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Active listening is a critical leadership skill

As regular readers of our blog know, active listening is an essential skill in leadership.  And like most aspects of leadership, it’s a learned skill.  Which is why I’m so pleased that Jackie Edwards is guesting on the blog today with this great piece focusing on the value of active listening.  Jackie is an editor and writer, who previously worked as an HR Manager for a small finance company.  She currently focuses on writing about the world of management and business.

Managers: Are You Really Listening?

When you’re talking to someone, naturally you want to know that they are listening. As in, really listening. This is especially true when it involves your place of work. As a manager, you have a huge part to play in your team’s happiness at work. Being a good listener is key to this. Employees want to know that their manager values their opinions, takes their points on board and responds accordingly. Seeing as we retain half of what we hear (at most), all of us should work on improving our listening skills. To be an effective leader, this is vital.

Be an active listener

The best listeners are active listeners. Active listening means not just hearing what someone says, but focusing on the speaker and showing that you are listening – whether that be through verbal or nonverbal cues, or both. Active listening can be practiced and developed over time by following a few simple steps: Continue reading

Three indisputable benefits of listening

curious businessman listens with glass leaning against the wallOver the years, I’ve penned many blog posts about the importance of effective listening, including the very interesting use of the word “listen” in traditional Mandarin Chinese. Today though, I thought it was worthwhile bringing up how not listening effectively actually causes people to sabotage their credibility and effectiveness. Unfortunately, most people don’t realize the benefits of listening, and thus, the serious consequences of not. Right off the top of my head, here are three specific benefits of listening that I can think of. Continue reading

Active listening can be accomplished by taking notes

writingEarlier this week I offered up a technique to become a more active listener – paraphrasing.  And I promised I’d share one more idea today.  So here it is – take notes.  Yes, that’s right, taking notes will lead to more active listening.  I know that may sound counterintuitive – after all, taking notes would draw your attention away from listening, wouldn’t it?  Not so.  As long as you’re not transcribing, word-for-word, your conversation, you should be fine.  The point of taking notes is to jot down key words and phrases to jog your memory later, not to record the conversation in detail.  And once again, as it was for paraphrasing, taking notes itself doesn’t make you a better listener; it’s because your brain is engaged (because you’re taking notes) that you have a reason to stay present and checked-inContinue reading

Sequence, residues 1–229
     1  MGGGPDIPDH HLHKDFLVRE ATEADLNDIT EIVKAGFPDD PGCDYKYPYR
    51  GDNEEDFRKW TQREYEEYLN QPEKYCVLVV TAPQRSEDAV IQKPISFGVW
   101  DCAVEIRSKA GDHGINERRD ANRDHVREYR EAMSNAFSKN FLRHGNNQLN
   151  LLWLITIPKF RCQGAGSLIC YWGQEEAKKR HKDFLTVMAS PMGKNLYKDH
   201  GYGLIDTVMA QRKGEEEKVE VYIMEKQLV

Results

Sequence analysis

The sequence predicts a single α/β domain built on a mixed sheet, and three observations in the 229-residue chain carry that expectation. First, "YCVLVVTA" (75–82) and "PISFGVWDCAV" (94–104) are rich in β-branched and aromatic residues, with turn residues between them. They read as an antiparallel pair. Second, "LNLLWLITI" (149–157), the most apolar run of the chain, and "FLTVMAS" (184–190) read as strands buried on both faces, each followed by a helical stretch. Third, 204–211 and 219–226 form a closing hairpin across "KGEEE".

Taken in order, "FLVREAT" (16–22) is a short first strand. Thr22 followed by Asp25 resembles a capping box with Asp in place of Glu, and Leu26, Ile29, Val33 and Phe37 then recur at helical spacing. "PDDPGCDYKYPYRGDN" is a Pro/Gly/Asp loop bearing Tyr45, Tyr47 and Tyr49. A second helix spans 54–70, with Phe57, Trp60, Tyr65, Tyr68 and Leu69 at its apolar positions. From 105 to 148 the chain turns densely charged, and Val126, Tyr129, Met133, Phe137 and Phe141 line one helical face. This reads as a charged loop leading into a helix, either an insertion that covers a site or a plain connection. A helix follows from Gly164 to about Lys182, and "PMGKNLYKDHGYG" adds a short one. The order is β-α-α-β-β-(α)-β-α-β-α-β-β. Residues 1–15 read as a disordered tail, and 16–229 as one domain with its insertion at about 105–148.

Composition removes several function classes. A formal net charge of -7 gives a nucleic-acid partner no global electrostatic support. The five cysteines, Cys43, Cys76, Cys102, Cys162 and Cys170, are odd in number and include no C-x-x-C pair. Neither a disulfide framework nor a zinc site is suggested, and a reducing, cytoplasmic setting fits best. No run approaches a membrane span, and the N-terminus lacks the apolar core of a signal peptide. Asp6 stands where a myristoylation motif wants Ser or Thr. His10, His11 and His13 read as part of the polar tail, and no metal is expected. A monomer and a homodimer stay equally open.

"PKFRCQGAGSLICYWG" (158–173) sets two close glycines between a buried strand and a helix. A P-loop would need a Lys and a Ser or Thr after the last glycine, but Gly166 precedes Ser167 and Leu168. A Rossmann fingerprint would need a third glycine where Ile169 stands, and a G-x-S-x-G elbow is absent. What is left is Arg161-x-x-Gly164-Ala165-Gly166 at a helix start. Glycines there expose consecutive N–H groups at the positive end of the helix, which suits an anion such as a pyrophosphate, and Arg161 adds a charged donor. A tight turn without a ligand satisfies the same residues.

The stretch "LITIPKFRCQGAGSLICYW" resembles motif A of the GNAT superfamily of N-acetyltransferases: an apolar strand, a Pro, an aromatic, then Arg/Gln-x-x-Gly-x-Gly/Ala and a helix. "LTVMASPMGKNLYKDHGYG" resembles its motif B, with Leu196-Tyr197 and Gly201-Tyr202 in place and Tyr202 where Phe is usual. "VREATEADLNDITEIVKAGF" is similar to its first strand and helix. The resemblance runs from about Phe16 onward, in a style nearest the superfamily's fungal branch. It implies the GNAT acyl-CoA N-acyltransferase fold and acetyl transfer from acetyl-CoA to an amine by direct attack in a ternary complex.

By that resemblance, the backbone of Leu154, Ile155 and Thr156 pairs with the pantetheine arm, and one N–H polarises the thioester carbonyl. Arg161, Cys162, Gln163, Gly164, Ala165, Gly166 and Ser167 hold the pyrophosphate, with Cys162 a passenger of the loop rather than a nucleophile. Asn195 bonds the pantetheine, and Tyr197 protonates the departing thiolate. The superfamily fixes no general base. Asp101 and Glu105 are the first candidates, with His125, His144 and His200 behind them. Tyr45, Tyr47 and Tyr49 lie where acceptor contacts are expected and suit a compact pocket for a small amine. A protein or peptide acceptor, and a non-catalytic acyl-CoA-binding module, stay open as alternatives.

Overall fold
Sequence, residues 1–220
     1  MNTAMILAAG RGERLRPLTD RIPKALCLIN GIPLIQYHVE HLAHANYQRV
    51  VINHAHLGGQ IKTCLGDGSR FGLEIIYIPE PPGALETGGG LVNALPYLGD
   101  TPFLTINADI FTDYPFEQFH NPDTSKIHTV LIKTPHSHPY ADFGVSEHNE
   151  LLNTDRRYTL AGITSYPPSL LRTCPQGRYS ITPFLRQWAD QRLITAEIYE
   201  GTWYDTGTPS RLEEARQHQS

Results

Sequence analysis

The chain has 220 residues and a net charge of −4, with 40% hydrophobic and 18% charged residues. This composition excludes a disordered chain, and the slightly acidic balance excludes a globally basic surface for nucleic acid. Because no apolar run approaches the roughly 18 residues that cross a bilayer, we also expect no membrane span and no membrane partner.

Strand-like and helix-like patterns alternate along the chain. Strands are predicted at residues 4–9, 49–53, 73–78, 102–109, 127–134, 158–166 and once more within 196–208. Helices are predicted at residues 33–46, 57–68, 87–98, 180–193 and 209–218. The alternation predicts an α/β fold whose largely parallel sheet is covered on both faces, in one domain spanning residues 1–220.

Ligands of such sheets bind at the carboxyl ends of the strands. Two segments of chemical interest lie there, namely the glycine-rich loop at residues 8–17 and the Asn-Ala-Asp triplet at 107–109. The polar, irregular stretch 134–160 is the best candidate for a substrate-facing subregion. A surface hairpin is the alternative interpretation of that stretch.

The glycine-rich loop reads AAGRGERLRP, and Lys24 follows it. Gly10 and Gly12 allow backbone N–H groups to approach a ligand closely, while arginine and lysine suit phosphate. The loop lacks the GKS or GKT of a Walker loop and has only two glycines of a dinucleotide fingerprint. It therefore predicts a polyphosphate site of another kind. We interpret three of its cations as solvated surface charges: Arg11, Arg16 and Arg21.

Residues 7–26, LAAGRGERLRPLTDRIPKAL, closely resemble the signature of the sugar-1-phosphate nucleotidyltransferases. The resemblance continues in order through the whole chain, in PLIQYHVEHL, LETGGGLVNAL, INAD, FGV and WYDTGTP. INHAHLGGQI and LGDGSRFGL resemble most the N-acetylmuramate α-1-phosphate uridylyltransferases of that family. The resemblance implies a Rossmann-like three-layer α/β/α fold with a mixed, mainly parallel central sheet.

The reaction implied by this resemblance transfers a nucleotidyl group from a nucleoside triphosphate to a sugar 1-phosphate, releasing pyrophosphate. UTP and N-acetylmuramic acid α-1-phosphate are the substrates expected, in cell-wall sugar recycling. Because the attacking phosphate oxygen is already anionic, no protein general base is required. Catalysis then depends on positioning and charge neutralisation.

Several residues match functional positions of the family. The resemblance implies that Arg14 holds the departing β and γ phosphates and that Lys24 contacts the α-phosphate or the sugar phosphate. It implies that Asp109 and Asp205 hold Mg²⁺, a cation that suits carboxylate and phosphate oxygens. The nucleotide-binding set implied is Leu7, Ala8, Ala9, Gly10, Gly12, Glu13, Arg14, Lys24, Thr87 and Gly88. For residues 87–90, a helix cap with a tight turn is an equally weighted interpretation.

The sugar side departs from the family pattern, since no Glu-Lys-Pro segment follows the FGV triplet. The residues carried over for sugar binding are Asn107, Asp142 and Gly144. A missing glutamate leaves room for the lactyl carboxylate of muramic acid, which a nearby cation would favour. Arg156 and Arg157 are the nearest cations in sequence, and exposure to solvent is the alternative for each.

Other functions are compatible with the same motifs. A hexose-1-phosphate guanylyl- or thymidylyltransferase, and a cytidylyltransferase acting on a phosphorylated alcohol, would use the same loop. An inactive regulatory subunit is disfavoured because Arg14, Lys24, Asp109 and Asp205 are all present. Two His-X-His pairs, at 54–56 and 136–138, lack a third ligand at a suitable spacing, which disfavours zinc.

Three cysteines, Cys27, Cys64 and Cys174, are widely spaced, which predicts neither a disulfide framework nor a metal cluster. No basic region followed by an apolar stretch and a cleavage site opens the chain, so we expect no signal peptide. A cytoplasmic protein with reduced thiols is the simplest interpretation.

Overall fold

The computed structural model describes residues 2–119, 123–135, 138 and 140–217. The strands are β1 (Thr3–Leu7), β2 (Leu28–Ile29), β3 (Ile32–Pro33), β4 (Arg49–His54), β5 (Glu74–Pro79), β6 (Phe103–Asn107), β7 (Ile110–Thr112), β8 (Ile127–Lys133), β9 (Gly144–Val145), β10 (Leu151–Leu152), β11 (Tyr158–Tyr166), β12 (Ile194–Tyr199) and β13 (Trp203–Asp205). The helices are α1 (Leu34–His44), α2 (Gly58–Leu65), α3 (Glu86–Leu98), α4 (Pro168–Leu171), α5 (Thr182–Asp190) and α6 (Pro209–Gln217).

Paraphrasing leads to active listening

Listening To GossipThe skill of active listening is of great advantage in the workplace.  Sure, when you listen well it gives you access to information, data that you can use to make better decisions, but the benefits go beyond just this obvious advantage.  Active listening is also a huge motivator – when you listen to what your employees have to say, it affirms them and thus builds and nurtures great working relationships.  Which is why I often blog about what specific techniques leaders can use to become more active listeners.  Last May I wrote about asking questions as a way to improve listening.  Today and later this week, I have two more ideas.  Today’s technique – paraphrase.

Paraphrasing is when you repeat back, in your own words, what you heard the other person say.  So for example: Continue reading

Use this phrase for more effective communication

Two irrefutable truths about effective communication:

  1. Effective communication involves both speaking and listening, preferably equably between two parties.
  2. When it’s your turn to speak, it’s also your responsibility to ensure that the message is heard and received by the other person.

Red Flashing LightLet’s look at #2 more closely.  Despite the fact that it happens often, ensuring that the message is heard and received by someone else does NOT involve speaking louder and faster!  Instead, it’s about setting the stage so that your listener is willing to hear what you have to say, and to be open-minded enough to consider your point of view.  In previous blog posts, I’ve written about not making people defensive and focusing on what you want rather than what you don’t want, both approaches to increase the likelihood that the other person will hear and act on what you have to say.

Another tactic to improve another person’s listening ability is to prepare him/her – give him/her notice about what’s coming up – by using the phrase “Let me tell you why that is important.”  This is akin to putting a flashing light in the middle of a conversation.  Perhaps the person you are speaking to has drifted away and isn’t listening carefully.  By using this phrase, you are letting him/her know that they need to check back in and pay attention. Continue reading